English Education

Old Mar 31st 2016, 6:47 am
  #1  
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Default English Education

Is the pits. I received two letters today from HMRC both had a spelling mistake, one also had a grammatical error. That makes them IT illiterate too in the days of spell checkers.

I just told my English wife one of the hens had karked it and she looked blank.

Just glad I was NZ educated :-)
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Old Mar 31st 2016, 7:28 am
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Default Re: English Education

Originally Posted by Kotare View Post
Is the pits. I received two letters today from HMRC both had a spelling mistake, one also had a grammatical error. That makes them IT illiterate too in the days of spell checkers.

I just told my English wife one of the hens had karked it and she looked blank.

Just glad I was NZ educated :-)
Why the capitalisation of 'is' as it is simply a continuation of the title, so should have been in lower case? I'm so glad I had an English education.
People in glasshouses shouldn't throw stones.
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Old Mar 31st 2016, 7:35 am
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Default Re: English Education

Originally Posted by mikelincs View Post
Why the capitalisation of 'is' as it is simply a continuation of the title, so should have been in lower case? I'm so glad I had an English education.
People in glasshouses shouldn't throw stones.
......and a comma after 'HMRC'.....I am so glad I was also educated in England.
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Old Mar 31st 2016, 7:39 am
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Default Re: English Education

Originally Posted by mikelincs View Post
Why the capitalisation of 'is' as it is simply a continuation of the title, so should have been in lower case? I'm so glad I had an English education.
People in glasshouses shouldn't throw stones.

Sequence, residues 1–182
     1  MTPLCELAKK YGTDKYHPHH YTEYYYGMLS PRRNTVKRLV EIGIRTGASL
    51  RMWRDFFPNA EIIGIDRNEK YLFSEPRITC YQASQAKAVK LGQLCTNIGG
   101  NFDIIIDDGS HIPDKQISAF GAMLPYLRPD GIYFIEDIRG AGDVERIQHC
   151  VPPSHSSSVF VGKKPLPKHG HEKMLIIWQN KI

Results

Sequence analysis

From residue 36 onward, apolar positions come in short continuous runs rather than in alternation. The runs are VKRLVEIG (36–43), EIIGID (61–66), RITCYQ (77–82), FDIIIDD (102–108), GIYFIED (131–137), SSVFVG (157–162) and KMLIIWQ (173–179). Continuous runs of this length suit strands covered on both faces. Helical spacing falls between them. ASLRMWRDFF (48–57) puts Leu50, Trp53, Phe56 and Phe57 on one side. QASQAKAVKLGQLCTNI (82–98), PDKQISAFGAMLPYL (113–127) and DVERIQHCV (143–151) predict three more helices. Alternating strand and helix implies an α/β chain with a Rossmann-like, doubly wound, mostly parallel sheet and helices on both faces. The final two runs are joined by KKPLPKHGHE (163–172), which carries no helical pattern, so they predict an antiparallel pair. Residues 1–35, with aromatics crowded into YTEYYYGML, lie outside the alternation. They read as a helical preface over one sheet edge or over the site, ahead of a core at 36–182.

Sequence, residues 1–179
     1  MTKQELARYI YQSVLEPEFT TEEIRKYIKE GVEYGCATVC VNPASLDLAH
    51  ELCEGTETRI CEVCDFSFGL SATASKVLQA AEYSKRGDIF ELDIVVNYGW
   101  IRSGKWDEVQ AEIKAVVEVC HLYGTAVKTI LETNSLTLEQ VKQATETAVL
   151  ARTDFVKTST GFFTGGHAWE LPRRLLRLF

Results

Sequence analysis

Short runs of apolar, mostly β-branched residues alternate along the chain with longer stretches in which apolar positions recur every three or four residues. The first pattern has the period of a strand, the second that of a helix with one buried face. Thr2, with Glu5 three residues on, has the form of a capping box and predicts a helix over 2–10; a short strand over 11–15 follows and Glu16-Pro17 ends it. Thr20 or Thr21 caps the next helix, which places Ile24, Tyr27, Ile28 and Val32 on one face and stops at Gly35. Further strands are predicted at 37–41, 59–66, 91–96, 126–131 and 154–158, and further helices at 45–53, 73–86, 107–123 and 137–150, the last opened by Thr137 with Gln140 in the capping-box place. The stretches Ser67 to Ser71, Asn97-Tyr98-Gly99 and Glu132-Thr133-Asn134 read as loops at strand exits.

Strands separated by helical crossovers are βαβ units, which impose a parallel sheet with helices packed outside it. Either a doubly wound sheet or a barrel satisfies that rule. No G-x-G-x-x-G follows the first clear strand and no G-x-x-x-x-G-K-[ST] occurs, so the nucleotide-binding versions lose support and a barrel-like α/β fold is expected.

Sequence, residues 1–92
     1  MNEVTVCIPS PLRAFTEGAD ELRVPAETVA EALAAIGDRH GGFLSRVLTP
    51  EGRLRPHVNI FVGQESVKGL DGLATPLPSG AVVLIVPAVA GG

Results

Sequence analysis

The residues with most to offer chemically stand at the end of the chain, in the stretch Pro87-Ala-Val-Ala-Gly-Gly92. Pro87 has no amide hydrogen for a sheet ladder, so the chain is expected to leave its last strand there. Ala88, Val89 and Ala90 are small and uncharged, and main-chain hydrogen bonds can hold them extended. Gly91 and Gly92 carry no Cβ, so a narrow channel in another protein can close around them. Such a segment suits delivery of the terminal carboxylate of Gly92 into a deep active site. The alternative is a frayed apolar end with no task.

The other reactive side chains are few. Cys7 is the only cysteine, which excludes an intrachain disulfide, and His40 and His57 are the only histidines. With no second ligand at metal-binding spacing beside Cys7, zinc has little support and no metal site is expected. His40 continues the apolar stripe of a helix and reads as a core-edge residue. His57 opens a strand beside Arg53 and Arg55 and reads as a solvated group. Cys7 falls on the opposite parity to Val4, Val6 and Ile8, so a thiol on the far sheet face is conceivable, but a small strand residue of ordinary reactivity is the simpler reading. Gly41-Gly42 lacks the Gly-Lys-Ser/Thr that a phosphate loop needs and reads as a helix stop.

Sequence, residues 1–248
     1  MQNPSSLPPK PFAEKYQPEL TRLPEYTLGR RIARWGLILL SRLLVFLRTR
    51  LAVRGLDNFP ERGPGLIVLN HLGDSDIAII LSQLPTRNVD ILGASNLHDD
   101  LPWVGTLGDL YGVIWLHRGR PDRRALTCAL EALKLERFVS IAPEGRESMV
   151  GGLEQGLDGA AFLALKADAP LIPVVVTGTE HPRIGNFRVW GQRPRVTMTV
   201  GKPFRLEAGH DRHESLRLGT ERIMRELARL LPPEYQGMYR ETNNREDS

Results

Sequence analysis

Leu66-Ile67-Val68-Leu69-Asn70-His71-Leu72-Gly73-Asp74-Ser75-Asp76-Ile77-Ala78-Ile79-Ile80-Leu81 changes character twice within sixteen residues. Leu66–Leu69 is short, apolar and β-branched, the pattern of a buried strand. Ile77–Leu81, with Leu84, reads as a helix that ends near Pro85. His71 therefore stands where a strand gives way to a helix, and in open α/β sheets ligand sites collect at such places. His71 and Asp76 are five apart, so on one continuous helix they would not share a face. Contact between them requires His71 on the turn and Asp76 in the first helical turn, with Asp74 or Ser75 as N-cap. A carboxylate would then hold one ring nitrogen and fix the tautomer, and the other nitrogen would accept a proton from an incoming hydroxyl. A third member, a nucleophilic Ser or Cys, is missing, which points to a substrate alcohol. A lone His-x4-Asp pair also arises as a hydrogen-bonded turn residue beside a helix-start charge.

If you had received a NZ education you would appreciate that the second sentence in para one is dodgy as well - just put in for the pedants :-)

Now should it be 'a' or 'an' NZ education (does one vocalise it in full when reading in which case the first or it sounds wrong).
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Old Mar 31st 2016, 8:31 am
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Default Re: English Education

I generally find that you are unsure of the grammar you should re-write the sentence. It's quicker and you'll probably get a cleaner result.
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Old Mar 31st 2016, 8:40 am
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Default Re: English Education

Originally Posted by jmh View Post
I generally find that if you are unsure of the grammar you should re-write the sentence. It's quicker and you'll probably get a cleaner result.
What happened to the missing 'if'
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Old Mar 31st 2016, 9:01 am
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Default Re: English Education

Originally Posted by mikelincs View Post
What happened to the missing 'if'
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Old Mar 31st 2016, 9:10 am
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Default Re: English Education

I left school 55 years ago in NZ (at the age of 14). Just imagine how good my English could have been if I had been educated in English schools till 18, I might not have been able to spell grammar :-)
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Old Mar 31st 2016, 9:33 am
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Default Re: English Education

Originally Posted by Kotare View Post
I left school 55 years ago in NZ (at the age of 14).
That explains your use of the 1970s slang, "to kark it."
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Old Mar 31st 2016, 6:05 pm
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Default Re: English Education

Originally Posted by Lorna at Vicenza View Post
That explains your use of the 1970s slang, "to kark it."
Widely used - did you use Wiki to check it? It either derives from the call of the carrion crow or 'carcase' but strictly Australasian (to my surprise).

Last edited by Kotare; Mar 31st 2016 at 6:11 pm.
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Old Mar 31st 2016, 7:27 pm
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Grammarly is a wonderful tool.
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Old Apr 1st 2016, 1:12 am
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Default Re: English Education

Originally Posted by mikelincs View Post
People in glasshouses shouldn't throw stones.
As an old codger, I claim pedants' privilege... to draw a distinction between "glasshouses" and "glass houses". The residents of glasshouses are tomatoes, ordinarily; it is residents of glass houses who are commonly advised not to throw stones.
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Old Apr 1st 2016, 1:15 am
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Default Re: English Education

Originally Posted by Gordon Barlow View Post
As an old codger, I claim pedants' privilege... to draw a distinction between "glasshouses" and "glass houses". The residents of glasshouses are tomatoes, ordinarily; it is residents of glass houses who are commonly advised not to throw stones.
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